A Multi-Site Evaluation of Automated License Plate Readers

Existing research suggests that LPRs can improve public safety, but the technology’s impact depends on its implementation.

Project Overview

The goal of this project is to conduct a multisite, quasi-experimental assessment of fixed-location license plate readers (LPRs) on public safety outcomes. Existing research suggests that LPRs can be an effective for increasing the recovery of stolen vehicles and arrests for auto thefts (Koper et al., 2013, 2019, 2021; Ohio State Highway Patrol, 2005; Ozer, 2010; Taylor et al., 2012) and, under certain conditions, may improve clearance rates for auto theft and robbery (Koper & Lum, 2019).

However, several studies exploring the crime prevention value of LPRs have found effectiveness varied based on several factors. These included volume and concentration of LPR deployment, the type of LPR deployed (fixed vs. mobile, general patrol versus specialized unit), location of use, the types of databases connected to LPR and how often they are updated, how officers use LPRs in the field, and agency pursuit and response policies for officers informed about suspects by LPR technology.

Modern LPR cameras now uses machine learning to capture a variety of additional information about the vehicle that could not be captured previously. This additional information may have implications for both how LPRs are used and their effects on public safety. Considering recent improvements in LPR technology, the current study seeks to expand understanding of the public safety benefits of LPRs through a multi-site data collection and analysis, focused on fixed-location LPR systems in several large law enforcement agencies across the United States.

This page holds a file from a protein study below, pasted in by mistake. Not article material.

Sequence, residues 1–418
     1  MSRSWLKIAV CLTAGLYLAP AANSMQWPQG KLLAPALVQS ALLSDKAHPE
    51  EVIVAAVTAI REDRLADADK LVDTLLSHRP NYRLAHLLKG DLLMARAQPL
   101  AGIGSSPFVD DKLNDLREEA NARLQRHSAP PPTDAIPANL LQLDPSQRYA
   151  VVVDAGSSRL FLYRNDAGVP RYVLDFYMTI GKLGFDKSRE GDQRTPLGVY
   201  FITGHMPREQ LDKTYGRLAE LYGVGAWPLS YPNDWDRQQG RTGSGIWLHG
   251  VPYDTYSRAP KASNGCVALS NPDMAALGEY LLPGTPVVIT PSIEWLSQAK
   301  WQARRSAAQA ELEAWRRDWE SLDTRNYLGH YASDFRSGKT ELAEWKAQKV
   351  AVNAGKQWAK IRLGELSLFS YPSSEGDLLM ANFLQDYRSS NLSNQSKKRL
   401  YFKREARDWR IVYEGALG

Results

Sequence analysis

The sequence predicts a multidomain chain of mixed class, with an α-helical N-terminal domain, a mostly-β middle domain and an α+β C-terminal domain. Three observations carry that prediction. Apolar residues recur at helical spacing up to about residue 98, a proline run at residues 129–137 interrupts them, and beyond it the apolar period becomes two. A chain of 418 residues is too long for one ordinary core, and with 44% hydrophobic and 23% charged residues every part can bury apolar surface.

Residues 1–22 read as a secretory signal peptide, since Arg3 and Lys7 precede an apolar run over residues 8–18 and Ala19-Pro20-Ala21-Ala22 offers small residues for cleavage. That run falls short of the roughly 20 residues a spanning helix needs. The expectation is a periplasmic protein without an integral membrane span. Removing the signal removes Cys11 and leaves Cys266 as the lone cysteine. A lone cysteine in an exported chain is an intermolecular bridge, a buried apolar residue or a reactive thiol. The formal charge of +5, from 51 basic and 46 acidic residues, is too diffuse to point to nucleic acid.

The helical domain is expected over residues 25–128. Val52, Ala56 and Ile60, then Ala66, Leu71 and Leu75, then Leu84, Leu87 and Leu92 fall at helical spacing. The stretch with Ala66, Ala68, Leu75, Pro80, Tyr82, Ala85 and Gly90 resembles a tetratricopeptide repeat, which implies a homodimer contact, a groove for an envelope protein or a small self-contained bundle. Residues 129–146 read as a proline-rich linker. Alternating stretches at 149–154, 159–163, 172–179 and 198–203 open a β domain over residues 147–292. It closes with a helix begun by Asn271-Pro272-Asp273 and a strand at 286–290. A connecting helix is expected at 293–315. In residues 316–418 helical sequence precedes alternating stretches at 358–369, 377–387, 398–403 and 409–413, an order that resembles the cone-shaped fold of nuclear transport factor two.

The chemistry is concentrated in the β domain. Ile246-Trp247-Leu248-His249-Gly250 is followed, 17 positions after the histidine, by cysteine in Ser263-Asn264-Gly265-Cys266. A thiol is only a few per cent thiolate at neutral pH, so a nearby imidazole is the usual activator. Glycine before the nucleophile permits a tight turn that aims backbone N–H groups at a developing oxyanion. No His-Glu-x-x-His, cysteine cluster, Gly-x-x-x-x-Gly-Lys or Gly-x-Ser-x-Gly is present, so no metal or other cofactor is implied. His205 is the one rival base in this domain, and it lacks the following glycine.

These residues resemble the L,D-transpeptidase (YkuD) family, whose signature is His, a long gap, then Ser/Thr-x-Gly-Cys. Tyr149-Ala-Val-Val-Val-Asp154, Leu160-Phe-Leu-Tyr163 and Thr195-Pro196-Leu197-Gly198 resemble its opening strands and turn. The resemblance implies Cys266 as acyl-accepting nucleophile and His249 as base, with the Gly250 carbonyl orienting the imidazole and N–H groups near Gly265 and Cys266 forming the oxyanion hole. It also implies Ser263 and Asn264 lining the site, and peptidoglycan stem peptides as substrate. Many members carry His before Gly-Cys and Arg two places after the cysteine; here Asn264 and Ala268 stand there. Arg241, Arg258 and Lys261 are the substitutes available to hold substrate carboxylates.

Methodology

The study evaluates the implementation of fixed-location LPR systems across multiple large jurisdictions using a quasi-experimental design. Longitudinal data from the treatment and control sites will be collected across jurisdictions to examine the following questions. Does the implementation of fixed LPR systems…

  1. … increase arrest for (a) vehicle related offenses?
  2. … improve the (a) quality, (b) speed, and (c) and close rate of investigation?
  3. … affect reported rates of certain types of crime, including vehicle-related offenses?
  4. … create a pathway for transparency, accountability, and engagement with the community?

Additional questions about system use will be explored, including: (a) How is the system being used? (b) What data were captured? (c) What searches were being performed? (d) How were the data used?

Project Resources

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Project Publications

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Service Area(s)

Staff Contact(s)

Travis Taniguchi

Travis Taniguchi, PhD

Director of Research

Hannah Wu

Hannah Xiaoyun Wu, PhD

Senior Research Associate

Media Contact

Media inquiries should be directed to our Communications team at:

media@policinginstitute.org
202-833-1460

More Information

Project Status: Active

Project Period:  April 2022 -

Research Design: Quasi-experiment

Research Method(s): Longitudinal study, Secondary data analysis

Service Area(s)

Staff Contact(s)

Travis Taniguchi

Travis Taniguchi, PhD

Director of Research

Hannah Wu

Hannah Xiaoyun Wu, PhD

Senior Research Associate

Media Contact

 

Media inquiries should be directed to our Communications team at:

media@policinginstitute.org
202-833-1460